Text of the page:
There is such excitement in our lives right now, we move house in 5 sleeps! Even though my friends did most of the packing up, over the weekend Jon and I (well, Jon, while I laid back and told him what to do) packed up the crap lying around in drawers of the kitchen. Six large boxes later, we were only half way done. But wow did we come across some memories:
- When I met Jon, he could hardly boil an egg. He lived on those gross steamed fish in packets that you microwaved, or he’d chuck Woolies chicken schnitzel and roast veg into the oven. He had never learnt the art of spices or herbs, so his food tended to be quite bland. Both of us picked up waaaay too much weight in the beginning, because I started to teach him how to cook amazing things like creamy cheese sauces, pastas and worst of all, I passed on my love of carbs on carbs. On a hangover? Nothing beats leftover pasta on toast. But my family got in on the action and started collecting recipe cards for Jon for months on end and presented him with a homemade little booklet of recipes at Christmas. We found the crumpled and dusty booklet and both awwwed over the effort from my Mom and Wok so many years ago.
- 2010 FIFA World Cup tickets. We kept them as a joke because on the day of the match, Jon was being so bitchy about me potentially losing the tickets, that he clutched them himself and wouldn’t trust me with them. Until we got to the gate to enter the stadium and realised he’d lost the bloody tickets. We eventually found them a few meters back, but it’s been a standing joke between us ever since. I get to keep the “world cup (any and all) tickets” forever more and he’s not allowed to say a word. We debated keeping the tickets and having them framed for the new house – but decided that in the greater scheme of things, we have enough crap already.
- A few years back I convinced Jon that the white walls in the house were boring and needed some colour. He let me pick the paints and when the painters arrived Jon took one look at the spare room’s proposed colour and got nervous. “It’s bright pink!” he said, to which I confidently replied that he needed to leave the house and stop being such a control freak. It would be a very light red, with a dark red feature wall. Ahem. I’ve since lost all rights to ever choose paint colours again:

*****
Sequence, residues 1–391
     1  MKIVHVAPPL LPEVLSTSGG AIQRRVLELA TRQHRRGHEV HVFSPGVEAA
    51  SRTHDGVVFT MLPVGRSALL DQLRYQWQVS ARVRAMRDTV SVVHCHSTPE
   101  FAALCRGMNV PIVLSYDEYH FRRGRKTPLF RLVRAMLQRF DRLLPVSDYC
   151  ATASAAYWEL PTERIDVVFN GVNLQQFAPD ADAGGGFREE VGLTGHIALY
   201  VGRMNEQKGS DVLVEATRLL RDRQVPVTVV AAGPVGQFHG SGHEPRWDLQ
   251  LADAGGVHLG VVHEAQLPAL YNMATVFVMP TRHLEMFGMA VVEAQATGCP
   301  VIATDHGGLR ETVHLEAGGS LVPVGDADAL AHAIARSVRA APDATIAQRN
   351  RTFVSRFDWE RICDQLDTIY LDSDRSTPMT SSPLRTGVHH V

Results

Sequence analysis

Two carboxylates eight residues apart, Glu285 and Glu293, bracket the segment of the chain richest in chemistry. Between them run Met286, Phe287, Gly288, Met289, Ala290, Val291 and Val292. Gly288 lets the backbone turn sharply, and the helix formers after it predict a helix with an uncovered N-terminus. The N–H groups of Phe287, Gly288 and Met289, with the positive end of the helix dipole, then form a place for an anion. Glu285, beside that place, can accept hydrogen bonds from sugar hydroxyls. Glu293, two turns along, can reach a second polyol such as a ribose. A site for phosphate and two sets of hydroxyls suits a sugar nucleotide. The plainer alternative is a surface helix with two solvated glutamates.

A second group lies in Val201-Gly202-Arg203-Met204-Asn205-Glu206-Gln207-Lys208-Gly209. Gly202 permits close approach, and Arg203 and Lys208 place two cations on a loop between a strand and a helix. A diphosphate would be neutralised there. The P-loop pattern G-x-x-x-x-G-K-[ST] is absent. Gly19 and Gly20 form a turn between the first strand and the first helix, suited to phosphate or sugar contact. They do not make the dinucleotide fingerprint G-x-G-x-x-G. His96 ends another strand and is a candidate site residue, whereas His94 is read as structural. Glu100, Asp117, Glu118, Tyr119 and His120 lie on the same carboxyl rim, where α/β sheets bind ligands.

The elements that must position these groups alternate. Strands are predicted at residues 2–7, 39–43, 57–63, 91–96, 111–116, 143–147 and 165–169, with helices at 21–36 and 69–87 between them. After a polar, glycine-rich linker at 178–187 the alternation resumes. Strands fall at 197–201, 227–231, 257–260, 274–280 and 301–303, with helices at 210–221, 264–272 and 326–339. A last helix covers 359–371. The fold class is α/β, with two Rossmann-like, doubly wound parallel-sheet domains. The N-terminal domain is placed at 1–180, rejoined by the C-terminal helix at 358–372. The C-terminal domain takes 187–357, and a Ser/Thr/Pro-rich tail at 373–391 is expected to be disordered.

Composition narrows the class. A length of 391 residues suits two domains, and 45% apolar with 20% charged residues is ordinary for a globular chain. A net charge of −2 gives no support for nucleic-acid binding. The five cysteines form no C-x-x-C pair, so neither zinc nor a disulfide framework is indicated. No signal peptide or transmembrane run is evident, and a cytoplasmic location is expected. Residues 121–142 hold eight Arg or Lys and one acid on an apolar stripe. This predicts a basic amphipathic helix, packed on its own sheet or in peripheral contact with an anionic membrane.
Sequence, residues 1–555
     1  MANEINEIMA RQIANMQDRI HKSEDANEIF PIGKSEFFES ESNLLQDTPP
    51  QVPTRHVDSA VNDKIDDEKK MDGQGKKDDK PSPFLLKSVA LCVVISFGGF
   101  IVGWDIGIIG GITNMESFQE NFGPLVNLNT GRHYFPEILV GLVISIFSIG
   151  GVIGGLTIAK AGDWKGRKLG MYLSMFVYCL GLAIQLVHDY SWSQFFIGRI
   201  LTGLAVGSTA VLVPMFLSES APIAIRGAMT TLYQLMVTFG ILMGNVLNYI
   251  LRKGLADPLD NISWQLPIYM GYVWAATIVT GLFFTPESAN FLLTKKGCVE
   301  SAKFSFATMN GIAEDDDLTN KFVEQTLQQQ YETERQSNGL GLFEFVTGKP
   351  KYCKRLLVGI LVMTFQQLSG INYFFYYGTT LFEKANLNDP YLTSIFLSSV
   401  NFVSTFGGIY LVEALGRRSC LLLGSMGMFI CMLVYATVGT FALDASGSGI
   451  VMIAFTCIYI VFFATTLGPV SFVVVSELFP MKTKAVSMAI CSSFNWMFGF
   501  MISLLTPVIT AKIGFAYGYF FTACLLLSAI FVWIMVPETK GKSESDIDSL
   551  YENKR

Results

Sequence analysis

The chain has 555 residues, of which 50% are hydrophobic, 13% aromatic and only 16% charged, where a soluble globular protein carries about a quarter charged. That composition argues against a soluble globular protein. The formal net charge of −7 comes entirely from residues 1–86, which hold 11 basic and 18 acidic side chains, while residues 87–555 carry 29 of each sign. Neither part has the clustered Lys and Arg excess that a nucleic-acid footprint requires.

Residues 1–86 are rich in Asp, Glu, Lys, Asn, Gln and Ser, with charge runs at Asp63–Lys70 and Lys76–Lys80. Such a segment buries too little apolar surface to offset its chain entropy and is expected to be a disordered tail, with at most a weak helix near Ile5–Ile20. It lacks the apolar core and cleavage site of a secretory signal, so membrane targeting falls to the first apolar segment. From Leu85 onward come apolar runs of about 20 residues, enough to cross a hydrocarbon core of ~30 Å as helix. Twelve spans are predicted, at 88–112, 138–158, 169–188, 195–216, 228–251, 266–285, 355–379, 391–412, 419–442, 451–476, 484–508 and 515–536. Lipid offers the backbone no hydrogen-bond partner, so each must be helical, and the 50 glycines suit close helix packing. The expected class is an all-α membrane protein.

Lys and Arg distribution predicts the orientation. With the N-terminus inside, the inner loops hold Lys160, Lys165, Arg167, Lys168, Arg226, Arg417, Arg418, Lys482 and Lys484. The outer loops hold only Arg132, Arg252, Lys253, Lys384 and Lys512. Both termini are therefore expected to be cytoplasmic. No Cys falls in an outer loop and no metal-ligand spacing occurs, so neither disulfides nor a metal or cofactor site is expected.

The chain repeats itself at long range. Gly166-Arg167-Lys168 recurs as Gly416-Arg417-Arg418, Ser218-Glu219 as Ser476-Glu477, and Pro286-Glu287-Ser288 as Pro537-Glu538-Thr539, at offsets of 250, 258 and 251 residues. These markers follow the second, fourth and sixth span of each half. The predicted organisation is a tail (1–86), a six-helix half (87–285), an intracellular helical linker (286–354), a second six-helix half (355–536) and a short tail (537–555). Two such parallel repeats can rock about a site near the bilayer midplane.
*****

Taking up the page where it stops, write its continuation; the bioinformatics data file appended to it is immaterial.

- A bright neon pink plastic flower. This came from the car roof ariel of 1 x Durban blogger Briget Young – who so very kindly donated it in 2009 as part of the Nerdies auctions for charity that the old SA Twitter and blogging crowd used to get involved in. Briget used to drive a bright pink VW that could be spotted from Mars. The flower was a token of her precious car that we all loved so much. It brought back such laughter and reminded me of how much the social landscape in SA has changed, we have somehow lost the intimacy, I think.
- A geek-poetry filled treasure hunt clue that I had put together for mine and Jon’s very first Valentine’s Day years and years ago. I got all puffed up like a proud pigeon when Jon went all mushy reliving the memory. I basically put together really ridiculous poetry, paired with photos of us as a couple, printed them out as individual clues to send Jon around the house searching for the treasure. Clue: I was the treasure. Grrr!
- Taking down the photos and frames off the walls had us in stitches looking at Jon’s prowess with a drill over the years. It started in 2009 when he was still learning, and the major chunks out of the walls with 5 screws surrounding the holes really reminded me how far we’ve come as individuals. Jon used to be wayyyy more stuffy than he is today – if any handy work needed to be done in the house, his idea of fixing things was to hand over his credit card to someone else to do it for him. Eventually he decided he’d listen to me and give it a bash himself. We’ve left many paint chips, chunks and way too many screws in little clumps throughout the walls now. But all this shows is that my man has taught himself how to do handywork. With many hammer/thumb injuries and swearwords later, it’s a transformation that I’ve loved watching.
Packing up a household you’ve built together is one thing. But letting go of what my friends considered crap was probably the hardest lesson I’ve had to learn. At one point in the great pack up session with all the girls, Tam held up a wooden cat with dangly legs and movable arms. She positioned the arms to look like they were wiping the cat’s eyes, and she herself was crying with laughter narrating the cat “Look at me, I’m so ugly, I’m crying! Please throw me away, please!”. I couldn’t part with it. I don’t even think I’ve looked at the bloody cat in years, but I just couldn’t part ways with it.
And that’s one thing of about 20 other things I had to debate and plead and make a case on why it needed to stay. I lost a lot of battles that day. And I got into bed realising that I am indeed a hoarder.
I think we’re going to miss this little home of ours. But we’ve moved past dwelling on that and now I can honestly say that we cannot wait to have more space, our own pool and garden, an outdoor entertaining area that will fit more than 8 people squashed around a table. We will have privacy and I can finally wee in peace with the window open and not worry about the neighbours walking their dogs right outside at the same time.
Most of all, I can’t wait to watch the son Jon and I have created running around the new house making noise, dirt and memories of his own.